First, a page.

Chițcani is located near Moldova’s border with Ukraine, approximately ten kilometers from Tiraspol, the capital of the unrecognized republic of Transnistria. Since the beginning of Russia’s full-scale invasion of Ukraine, Moldovan authorities have reported multiple instances of Russian missiles violating Moldovan airspace. Missile remnants have been found on Moldovan soil on four occasions: October 31, 2022, near Naslavcea village; December 5, 2022, near Briceni town; January 14, 2023, in Briceni district; and February 16, 2023, near Larga village.
In April 2023, Moldovan Minister of Defense Anatol Nosatyi expressed concerns that Moldova faces “military threats” due to Russian shelling. On September 25, during his visit to Moldova, French Minister of Defense Sébastien Lecornu announced on X that Moldova plans to purchase the French GM200 air surveillance radar with financial assistance from the European Union. Additionally, he mentioned that France would be conducting an audit of its air defense capabilities to help improve Moldova’s airspace security.
—Victoria Olari, research associate, Moldova
Poland says pause in weapons shipments to Ukraine does not indicate a rift in relations
On September 20, Polish Prime Minister Mateusz Morawiecki stated that Poland was “no longer transferring weapons to Ukraine because we are now arming Poland.” He added that Poland was still ready to support Ukraine to defend it from Russian aggression. Morawiecki has not elaborated on whether this decision was connected to the current dispute between Ukraine and Poland over grain exports.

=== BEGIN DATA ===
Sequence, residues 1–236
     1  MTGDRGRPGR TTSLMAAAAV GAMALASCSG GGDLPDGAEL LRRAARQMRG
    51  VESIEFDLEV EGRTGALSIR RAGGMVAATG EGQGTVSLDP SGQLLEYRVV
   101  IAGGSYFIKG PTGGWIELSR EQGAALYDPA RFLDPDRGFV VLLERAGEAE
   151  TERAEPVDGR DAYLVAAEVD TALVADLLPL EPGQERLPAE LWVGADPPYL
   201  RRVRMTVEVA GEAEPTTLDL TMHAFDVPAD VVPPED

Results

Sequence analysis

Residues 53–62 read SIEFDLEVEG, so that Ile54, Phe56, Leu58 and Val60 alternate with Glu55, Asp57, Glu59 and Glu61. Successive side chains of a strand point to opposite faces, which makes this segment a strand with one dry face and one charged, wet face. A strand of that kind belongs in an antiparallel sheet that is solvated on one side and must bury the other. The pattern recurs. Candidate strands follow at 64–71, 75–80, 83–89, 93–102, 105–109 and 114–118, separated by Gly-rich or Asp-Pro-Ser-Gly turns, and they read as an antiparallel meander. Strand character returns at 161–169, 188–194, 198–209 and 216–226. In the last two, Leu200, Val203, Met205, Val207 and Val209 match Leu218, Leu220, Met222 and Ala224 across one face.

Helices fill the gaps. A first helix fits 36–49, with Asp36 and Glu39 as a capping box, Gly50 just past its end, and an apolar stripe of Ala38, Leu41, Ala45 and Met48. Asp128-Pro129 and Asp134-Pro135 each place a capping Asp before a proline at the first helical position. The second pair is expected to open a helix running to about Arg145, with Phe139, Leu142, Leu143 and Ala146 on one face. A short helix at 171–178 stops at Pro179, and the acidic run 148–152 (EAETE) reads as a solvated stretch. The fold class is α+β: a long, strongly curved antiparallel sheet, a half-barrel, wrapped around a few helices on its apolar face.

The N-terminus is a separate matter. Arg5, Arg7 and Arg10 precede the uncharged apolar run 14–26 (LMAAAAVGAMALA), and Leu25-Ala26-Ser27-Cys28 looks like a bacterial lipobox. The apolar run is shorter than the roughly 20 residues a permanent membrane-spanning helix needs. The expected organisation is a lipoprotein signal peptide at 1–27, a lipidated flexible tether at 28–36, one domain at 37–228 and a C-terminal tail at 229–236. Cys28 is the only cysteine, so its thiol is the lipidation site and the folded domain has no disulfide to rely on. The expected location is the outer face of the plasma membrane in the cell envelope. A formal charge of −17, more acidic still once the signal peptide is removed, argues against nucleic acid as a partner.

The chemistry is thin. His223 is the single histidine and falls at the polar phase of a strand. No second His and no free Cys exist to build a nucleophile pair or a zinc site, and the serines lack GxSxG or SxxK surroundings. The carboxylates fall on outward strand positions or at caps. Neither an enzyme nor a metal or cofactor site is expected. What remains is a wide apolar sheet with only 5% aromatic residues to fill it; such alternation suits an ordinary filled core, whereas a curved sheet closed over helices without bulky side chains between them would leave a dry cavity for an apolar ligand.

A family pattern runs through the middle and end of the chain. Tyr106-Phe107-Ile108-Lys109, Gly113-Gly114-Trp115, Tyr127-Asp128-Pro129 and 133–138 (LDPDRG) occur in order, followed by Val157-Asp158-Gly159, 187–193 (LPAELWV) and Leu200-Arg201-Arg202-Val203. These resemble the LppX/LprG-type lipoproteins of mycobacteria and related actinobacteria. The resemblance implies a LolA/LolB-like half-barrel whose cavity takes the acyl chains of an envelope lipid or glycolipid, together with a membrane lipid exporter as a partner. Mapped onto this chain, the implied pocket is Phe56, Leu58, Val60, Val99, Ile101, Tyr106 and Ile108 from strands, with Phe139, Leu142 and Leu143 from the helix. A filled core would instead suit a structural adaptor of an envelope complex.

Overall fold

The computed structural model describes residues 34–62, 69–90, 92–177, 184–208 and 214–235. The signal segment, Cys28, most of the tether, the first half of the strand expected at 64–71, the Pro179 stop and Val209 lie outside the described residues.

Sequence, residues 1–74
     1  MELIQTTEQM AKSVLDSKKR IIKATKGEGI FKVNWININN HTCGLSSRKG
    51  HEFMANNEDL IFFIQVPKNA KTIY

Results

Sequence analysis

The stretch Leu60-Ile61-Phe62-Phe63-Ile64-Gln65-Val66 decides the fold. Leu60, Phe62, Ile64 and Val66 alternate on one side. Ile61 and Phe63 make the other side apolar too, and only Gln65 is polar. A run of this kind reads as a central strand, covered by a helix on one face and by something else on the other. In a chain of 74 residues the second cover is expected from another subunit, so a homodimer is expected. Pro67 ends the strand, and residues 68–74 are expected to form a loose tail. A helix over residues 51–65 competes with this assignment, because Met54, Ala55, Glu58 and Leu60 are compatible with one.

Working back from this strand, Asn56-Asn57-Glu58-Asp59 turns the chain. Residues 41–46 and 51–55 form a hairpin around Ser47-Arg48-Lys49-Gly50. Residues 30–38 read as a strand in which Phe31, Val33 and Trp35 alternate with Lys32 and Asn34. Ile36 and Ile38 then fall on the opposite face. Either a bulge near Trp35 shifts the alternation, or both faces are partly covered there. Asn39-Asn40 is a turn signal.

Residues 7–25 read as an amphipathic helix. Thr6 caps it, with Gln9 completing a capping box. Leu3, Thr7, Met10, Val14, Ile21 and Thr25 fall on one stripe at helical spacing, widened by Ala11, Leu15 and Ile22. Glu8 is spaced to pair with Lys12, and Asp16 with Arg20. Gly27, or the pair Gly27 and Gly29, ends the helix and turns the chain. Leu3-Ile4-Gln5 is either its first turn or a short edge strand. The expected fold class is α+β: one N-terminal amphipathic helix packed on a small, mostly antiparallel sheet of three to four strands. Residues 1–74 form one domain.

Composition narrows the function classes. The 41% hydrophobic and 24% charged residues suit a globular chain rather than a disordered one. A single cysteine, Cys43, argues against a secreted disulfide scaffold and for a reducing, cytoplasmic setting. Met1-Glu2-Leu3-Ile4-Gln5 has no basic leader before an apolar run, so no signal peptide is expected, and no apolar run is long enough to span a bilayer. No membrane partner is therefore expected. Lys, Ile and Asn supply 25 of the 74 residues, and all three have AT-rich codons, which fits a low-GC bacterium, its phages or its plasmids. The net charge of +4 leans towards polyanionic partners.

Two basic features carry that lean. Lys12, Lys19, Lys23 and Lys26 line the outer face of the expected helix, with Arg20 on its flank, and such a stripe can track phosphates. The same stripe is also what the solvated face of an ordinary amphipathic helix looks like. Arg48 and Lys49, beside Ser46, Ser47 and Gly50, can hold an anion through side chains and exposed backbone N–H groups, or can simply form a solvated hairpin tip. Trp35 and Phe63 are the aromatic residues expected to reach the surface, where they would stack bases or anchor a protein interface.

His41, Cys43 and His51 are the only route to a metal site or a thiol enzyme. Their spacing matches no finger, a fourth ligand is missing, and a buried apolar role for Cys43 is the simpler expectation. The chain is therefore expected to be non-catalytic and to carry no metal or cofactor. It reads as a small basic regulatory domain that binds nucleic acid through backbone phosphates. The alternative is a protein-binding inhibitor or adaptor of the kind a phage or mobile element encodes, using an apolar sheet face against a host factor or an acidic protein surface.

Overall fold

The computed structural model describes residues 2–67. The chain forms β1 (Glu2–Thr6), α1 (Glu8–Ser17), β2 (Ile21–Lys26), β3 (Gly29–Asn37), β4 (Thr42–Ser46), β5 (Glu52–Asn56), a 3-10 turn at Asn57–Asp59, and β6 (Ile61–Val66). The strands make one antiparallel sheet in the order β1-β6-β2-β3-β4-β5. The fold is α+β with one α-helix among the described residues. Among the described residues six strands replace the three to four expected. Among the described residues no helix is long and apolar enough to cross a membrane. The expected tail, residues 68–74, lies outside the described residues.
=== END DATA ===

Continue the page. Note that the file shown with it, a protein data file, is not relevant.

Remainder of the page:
A number of international media outlets, however, framed the decision as being motivated by the grain dispute with Ukraine. For example, Al Jazeera reported, “Poland to halt supply of weapons to Ukraine as grain dispute grows;” CNBC reported, “Poland has said it will no longer supply its neighbor Ukraine with weapons, as a rift over agricultural exports deepens;” and The Guardian reported, “Poland will no longer send weapons to Ukraine, says PM, as grain dispute escalates.”
Representatives from the Polish government and diplomatic missions clarified Morawiecki’s statement. Marek Magierowski, ambassador of Poland to the United States, said on X, “No, @MorawieckiM never said ‘Poland will stop supplying weapons to Ukraine.’ This is a blatant distortion of his remarks.” His tweet clarifies that Morawiecki’s statement was intended to convey that Poland is temporarily pausing weapons shipments. He added, “over the last 17 months we have basically gutted our military for the sake of Ukraine’s war effort. Poland is now striving to make up for the depletion of our own capabilities.” Magierowski also penned an op-ed for the Wall Street Journal providing more context for the decision and saying claims that Poland is anti-Ukraine are “farcical.”
On September 21, government spokesman Piotr Müller said that currently Poland is only fulfilling its deliveries for previously signed contracts to supply ammunition and armaments to Ukraine. It remains unknown when those contracts expire. The following day, Polish Foreign Minister Zbigniew Rau published an opinion piece in Politico.eu in which he endeavored to separate the issue of grain supplies from that of equipping Ukraine, stating “There’s absolutely no contradiction here. Supporting Ukraine against Russia’s invasion and protecting our citizens and safeguarding them against unfair economic competition—both serve Poland’s interest simultaneously.”
In a September 25 interview with Polish outlet Super Express, Polish President Andrzej Duda attempted to defuse the tension, directly stating that Poland has “no problem” sending Ukraine older weapons as they are replaced by newer acquisitions.
—Givi Gigitashvili, research associate, Warsaw, Poland